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1940 New Hampshire earthquakes

From Wikipedia, the free encyclopedia

1940 New Hampshire earthquakes
UTC timeDoublet earthquake:    
 A: 1940-12-20 07:27:26
 B: 1940-12-24 13:43:44
ISC event 
 A: 901740
 B: 901745
Local date20 December 1940 (1940-12-20)
Local time
 A: 5.5 mN[1]     5.6 MGR(PAS) ,[2]     5.25 Mw  (est.)[3]
 B: 5.5 mN[1]     5.6 MGR(PAS)[4]     5.50 Mw  (est.)[3]
Depth35 km (22 mi)[2]
Epicenter43°50′N 71°17′W / 43.83°N 71.28°W / 43.83; -71.28 [1]
Areas affectedNew England
United States
Max. intensityVII (Very strong) [1]
Isoseismal map for the 1940 New Hampshire earthquakes
Isoseismal map for the 1940 New Hampshire earthquakes

The 1940 New Hampshire earthquakes struck on December 20 and again on December 24. Both shocks had an estimated Ms magnitude of 5.6, and a maximum Mercalli intensity of VII (Very strong). These doublet earthquakes were the largest to hit the state in several hundred years. Damage included minor fractures or knocked over chimneys in a zone extending through New Hampshire and four other states: Maine, New York, Vermont and Massachusetts.[5]


While not known for earthquakes, New Hampshire has been dotted with both major and minor events. Two examples of strong earthquakes occurred in the 17th century. One was the 1638 earthquake; the other significant event to strike the state was the 1663 Charlevoix earthquake, originating in the Saint Lawrence River fault zone. The extent of the earthquake is not firm, at least in the state, as the population was composed largely of colonial settlers who had left the east coast. The 1663 earthquake felled chimneys, oscillated houses, and threw pewter from shelves in the Massachusetts Bay area.[6]


Reports of the 1940 earthquake extended as far north as Montreal and Quebec in Canada, and included Maine, New York, New Jersey, Pennsylvania, northeastern Delaware, Massachusetts, Vermont and Rhode Island.[7] The epicenter was next to the Ossipee Mountains, near the town of Ossipee, New Hampshire. These mountains are the remains of an ancient volcanic ring dike.[8] A similar ring dike can be seen in southern New Hampshire at Pawtuckaway State Park.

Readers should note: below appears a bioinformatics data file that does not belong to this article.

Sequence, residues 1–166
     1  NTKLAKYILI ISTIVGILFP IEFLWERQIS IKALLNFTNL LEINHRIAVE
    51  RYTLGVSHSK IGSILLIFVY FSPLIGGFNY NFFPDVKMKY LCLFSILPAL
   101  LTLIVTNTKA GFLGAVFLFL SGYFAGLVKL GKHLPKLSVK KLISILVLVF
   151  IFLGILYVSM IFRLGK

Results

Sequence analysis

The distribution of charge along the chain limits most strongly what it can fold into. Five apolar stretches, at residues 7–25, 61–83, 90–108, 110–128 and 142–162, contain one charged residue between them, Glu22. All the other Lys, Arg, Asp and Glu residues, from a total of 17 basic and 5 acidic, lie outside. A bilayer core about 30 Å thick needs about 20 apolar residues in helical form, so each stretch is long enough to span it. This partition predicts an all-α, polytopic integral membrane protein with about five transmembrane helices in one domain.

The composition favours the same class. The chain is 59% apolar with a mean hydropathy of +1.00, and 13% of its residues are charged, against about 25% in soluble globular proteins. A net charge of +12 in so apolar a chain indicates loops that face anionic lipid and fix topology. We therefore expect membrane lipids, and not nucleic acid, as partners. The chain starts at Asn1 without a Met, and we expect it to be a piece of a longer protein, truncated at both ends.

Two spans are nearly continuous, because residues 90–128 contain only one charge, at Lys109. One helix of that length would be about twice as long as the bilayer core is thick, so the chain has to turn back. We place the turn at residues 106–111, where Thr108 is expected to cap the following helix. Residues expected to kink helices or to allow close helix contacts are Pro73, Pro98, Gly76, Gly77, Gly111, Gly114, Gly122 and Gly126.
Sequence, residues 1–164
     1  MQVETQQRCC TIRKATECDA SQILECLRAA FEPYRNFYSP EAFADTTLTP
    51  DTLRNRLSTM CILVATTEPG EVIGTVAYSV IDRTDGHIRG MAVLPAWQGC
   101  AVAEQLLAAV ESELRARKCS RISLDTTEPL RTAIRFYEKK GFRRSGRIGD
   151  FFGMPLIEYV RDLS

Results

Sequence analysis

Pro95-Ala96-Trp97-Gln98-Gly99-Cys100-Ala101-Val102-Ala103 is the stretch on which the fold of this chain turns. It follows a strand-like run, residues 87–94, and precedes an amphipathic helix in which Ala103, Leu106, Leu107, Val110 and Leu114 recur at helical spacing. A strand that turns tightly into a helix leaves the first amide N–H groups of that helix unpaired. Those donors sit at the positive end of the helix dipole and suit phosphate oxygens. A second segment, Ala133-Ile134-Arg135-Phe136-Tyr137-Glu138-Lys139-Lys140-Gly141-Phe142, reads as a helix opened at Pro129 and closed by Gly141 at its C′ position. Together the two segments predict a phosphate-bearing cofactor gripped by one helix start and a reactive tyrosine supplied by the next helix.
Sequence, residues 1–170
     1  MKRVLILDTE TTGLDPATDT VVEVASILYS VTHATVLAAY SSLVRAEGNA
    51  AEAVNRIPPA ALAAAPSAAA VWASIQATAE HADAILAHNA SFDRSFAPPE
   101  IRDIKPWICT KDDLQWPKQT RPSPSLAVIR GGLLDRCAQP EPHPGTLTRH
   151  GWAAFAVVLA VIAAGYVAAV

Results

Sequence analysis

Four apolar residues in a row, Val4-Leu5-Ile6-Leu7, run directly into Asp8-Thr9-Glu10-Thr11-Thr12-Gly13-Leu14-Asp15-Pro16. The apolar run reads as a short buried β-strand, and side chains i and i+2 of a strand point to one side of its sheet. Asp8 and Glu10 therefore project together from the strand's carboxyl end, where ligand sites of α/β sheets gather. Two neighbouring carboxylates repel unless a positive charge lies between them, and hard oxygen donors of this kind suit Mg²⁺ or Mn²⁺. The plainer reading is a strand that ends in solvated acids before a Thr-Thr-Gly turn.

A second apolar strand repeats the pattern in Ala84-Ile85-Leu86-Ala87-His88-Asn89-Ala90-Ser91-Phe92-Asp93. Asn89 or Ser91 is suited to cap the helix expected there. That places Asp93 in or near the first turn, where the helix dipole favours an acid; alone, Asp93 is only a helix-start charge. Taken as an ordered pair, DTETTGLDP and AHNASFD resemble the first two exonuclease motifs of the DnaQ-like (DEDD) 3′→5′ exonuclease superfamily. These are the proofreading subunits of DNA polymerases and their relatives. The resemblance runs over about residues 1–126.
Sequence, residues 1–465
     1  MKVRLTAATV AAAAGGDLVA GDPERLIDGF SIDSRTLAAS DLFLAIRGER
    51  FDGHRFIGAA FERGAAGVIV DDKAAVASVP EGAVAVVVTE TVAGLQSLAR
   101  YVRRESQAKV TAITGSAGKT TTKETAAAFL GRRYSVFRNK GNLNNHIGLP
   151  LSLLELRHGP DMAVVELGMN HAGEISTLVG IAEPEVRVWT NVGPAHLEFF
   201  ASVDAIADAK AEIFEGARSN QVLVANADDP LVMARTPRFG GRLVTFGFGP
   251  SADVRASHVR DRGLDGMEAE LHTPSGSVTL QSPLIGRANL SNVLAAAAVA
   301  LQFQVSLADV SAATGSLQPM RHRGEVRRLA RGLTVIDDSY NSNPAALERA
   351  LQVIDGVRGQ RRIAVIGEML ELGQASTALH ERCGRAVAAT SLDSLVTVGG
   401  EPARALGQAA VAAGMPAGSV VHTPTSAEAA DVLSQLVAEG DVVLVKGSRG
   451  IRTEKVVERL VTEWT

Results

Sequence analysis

Both earthquakes had surface magnitudes estimated at 5.5 and a Mercalli intensity of VII,[9] and spawned waves of minor damage. There were reports of fractured pipes, walls, and furniture, as well as "fallen plaster" near the epicenter.[7] The number of chimneys damaged totaled 20, in addition to fallen ones. The earthquake caused damage to wells, turning the water brown[7] and displayed strength by movement, causing five monuments to shift from their original position at a cemetery, and moving one old house in the village of Wonalancet roughly 12 inches (30 cm). The earthquake additionally shifted objects as heavy as stoves. Aftershocks of the earthquake occurred over the next several months.[7]

See also


  1. ^ a b c d Stover & Coffman 1993.
  2. ^ a b ISC-OB Event 901740 [IRIS].
  3. ^ a b Stover & Coffman 1993, p. 308.
  4. ^ ISC-OB Event 901745 [IRIS].
  5. ^ Stover & Coffman 1993, p. 308.
  6. ^ "New Hampshire – Earthquake History". United States Geological Survey. October 21, 2009. Archived from the original on December 15, 2009. Retrieved December 24, 2009.
  7. ^ a b c d "Historic Earthquakes". United States Geological Survey. October 21, 2009. Retrieved December 20, 2009.
  8. ^ Hall, Anthony, Igneous Petrology, Longman, 1987 p.75–76 ISBN 0-582-30174-2
  9. ^ Stover & Coffman 1993, p. 308. The surface magnitudes are from Gutenberg & Richter (1954).


External links

This page was last edited on 1 September 2020, at 00:04
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